First, I changed the background color to the teal that you see.
It is good to use something bright and eye catching so your readers notice it as they scroll through your posts.
I uploaded the image of my lead magnet and placed it in the left column.
Then using heading and paragraph blocks – I added some text in the right column.
Finally, I used a Custom HTML block for adding the embed code for my LeadPages button (you can use this same block to add the embed code for your form as well).
You can tweak the look of this box all you want using the tools available to you in Gutenberg.
When you are happy with the way that it looks, save your draft again, move onto the next step.
Change From the Visual Editor to the Code Editor
In the upper right hand corner of your WordPress editor window, you will see 3 stacked dots.
Click on this and in the Editor section, switch from the Visual Editor to the Code Editor.
Note that if you save your draft while in the Code Editor – the next time you open any post or page to edit – they will also show up in the Code Editor. Simply click on the three stacked dots in the upper right hand corner to switch back to the Visual editor from within any post or page.
Now copy all of the code that you see on the page for the opt in block that you just created.
Navigate to Your AdInserter Settings
In a new window, navigate to your AdInserter Settings.
Paste the Code
If you haven’t used AdInserter before, click on the number 1 position and paste the code that you copied into the black box code area.
If you have used AdInserter – then find your first open number position and paste the code there.
Select the Location
In AdInserter, select the location for where you want your opt in box to appear.
Typically, I have mine show across all posts after the 7th paragraph. But in the image above, at the bottom of the screen you can see that I have it set to appear after paragraph 4.
It’s easiest when you have one opt in that you want to show up sitewide – and that is what these instructions are for.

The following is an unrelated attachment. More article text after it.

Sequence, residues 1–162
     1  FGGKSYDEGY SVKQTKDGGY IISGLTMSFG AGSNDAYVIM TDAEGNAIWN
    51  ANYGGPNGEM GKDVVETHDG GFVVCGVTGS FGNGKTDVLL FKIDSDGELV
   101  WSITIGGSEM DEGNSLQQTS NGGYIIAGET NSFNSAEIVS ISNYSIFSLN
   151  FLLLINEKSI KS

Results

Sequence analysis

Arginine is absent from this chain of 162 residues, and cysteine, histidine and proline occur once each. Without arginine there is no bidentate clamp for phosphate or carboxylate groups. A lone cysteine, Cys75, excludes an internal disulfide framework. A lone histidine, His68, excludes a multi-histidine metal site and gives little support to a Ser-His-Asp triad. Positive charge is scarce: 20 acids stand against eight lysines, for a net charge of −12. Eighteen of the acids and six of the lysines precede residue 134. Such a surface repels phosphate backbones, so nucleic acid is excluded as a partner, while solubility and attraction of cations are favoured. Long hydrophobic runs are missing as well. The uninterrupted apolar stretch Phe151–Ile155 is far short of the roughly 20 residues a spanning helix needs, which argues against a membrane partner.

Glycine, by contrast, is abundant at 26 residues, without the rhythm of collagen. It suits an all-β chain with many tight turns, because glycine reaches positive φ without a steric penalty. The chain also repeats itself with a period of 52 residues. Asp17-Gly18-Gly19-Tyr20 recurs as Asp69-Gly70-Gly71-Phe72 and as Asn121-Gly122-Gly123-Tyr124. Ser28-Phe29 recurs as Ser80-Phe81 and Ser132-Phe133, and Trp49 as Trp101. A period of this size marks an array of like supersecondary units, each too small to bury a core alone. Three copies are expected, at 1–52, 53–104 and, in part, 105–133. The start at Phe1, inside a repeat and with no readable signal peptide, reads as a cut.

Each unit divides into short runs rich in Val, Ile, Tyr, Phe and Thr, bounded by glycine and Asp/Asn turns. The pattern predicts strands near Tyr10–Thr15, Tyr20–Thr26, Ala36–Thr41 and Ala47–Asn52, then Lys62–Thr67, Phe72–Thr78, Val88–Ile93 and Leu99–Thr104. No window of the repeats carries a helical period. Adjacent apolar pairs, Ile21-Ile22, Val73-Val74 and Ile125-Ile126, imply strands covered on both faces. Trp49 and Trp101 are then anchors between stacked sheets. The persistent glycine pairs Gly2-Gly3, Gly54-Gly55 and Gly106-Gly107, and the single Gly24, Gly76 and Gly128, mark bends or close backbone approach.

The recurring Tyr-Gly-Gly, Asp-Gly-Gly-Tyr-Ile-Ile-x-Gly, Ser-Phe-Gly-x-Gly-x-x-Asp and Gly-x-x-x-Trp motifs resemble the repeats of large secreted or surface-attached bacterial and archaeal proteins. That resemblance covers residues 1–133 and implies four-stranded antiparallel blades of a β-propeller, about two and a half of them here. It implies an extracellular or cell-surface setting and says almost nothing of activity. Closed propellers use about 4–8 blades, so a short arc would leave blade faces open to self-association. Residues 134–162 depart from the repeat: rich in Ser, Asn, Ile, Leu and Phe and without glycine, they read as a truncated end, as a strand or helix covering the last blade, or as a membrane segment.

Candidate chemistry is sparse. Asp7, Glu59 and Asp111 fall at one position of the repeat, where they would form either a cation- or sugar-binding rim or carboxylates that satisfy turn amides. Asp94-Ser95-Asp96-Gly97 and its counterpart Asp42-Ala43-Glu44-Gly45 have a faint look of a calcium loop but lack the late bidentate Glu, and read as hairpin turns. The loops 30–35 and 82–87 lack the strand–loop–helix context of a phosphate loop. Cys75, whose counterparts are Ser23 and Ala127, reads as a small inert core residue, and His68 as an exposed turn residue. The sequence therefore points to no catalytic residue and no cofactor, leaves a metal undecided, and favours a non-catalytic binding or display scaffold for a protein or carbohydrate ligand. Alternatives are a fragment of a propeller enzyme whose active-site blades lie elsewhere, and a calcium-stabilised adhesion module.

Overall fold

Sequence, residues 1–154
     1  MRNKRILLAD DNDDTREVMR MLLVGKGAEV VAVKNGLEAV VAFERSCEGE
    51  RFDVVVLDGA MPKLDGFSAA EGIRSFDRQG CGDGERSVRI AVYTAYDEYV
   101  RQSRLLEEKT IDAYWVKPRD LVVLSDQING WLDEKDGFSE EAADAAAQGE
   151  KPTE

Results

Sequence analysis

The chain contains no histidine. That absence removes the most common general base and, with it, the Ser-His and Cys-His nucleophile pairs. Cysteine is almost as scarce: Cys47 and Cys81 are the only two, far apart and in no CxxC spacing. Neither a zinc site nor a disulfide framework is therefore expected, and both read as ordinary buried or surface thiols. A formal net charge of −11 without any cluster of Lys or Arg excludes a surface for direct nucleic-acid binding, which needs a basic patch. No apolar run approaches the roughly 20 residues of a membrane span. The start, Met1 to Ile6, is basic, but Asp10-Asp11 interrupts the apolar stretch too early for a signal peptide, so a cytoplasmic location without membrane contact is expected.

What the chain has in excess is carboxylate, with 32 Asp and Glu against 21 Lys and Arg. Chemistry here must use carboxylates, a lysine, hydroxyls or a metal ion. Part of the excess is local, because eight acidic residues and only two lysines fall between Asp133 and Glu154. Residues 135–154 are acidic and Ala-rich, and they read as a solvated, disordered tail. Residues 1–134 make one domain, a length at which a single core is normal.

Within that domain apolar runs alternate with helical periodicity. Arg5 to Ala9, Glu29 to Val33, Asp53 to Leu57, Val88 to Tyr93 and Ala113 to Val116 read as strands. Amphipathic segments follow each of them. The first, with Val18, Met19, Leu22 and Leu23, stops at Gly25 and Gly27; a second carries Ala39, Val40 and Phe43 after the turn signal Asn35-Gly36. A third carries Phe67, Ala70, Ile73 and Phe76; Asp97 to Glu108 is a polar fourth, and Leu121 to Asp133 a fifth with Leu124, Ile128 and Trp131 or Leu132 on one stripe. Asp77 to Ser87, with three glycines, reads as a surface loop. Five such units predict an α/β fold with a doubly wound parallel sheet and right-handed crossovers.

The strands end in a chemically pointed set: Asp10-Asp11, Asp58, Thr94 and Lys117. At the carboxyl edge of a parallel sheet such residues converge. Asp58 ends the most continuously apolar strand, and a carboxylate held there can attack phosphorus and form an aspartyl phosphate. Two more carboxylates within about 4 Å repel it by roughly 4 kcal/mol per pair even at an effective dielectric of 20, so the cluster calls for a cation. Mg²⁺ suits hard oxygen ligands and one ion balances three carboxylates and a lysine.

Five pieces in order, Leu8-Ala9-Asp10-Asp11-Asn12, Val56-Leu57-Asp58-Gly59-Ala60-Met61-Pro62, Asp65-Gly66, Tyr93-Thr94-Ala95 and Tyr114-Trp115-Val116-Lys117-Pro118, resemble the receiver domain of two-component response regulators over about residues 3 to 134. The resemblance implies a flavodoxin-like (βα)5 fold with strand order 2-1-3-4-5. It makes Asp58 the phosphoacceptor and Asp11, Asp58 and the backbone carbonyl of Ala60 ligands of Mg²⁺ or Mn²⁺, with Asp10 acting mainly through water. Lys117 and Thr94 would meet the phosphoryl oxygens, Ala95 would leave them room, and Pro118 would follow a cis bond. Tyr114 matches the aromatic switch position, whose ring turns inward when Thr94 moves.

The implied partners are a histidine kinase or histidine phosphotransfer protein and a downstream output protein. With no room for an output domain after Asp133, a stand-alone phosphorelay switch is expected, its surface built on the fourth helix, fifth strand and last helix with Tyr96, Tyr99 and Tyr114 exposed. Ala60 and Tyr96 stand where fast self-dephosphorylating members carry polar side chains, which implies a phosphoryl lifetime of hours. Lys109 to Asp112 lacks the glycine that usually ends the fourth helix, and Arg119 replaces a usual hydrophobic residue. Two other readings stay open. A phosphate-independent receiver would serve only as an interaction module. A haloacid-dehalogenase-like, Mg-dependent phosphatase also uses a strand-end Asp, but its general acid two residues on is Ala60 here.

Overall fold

If you have multiple opt ins that you want to show on different categories then you can play around with the AdInserter settings that work best for you.
With AdInserter you can designate specific categories and exclude others but there is a learning curve.
Save Your Settings
Save your settings and your opt in should appear in all your posts.
Recently, I changed my theme on this site to the child Farmhouse Theme from Restored316 using the parent Kadence Theme for WordPress.
If you upgrade to the Kadence Pro Theme it includes “Hooks” functionality.
You can use this instead of AdInserter to add “Elements” that you create using Gutenberg blocks throughout your site.
This process is easier because you don’t have to copy the code from the editor and then paste it into a separate plugin.
You can also make changes to your “Elements” whenever you want and they will push through to your whole site.
I am just learning my way through Kadence and so far I really like it. You can read my Farmhouse Theme and Kadence Pro Review here.
So, that is another option for you.
To Sum It Up
You can create a nice looking styled opt in box using Gutenberg blocks and the AdInserter plugin in WordPress without any coding.
If you want to make it easier – consider trying the Kadence theme with one of their child themes or with some really pretty ones from Restored316.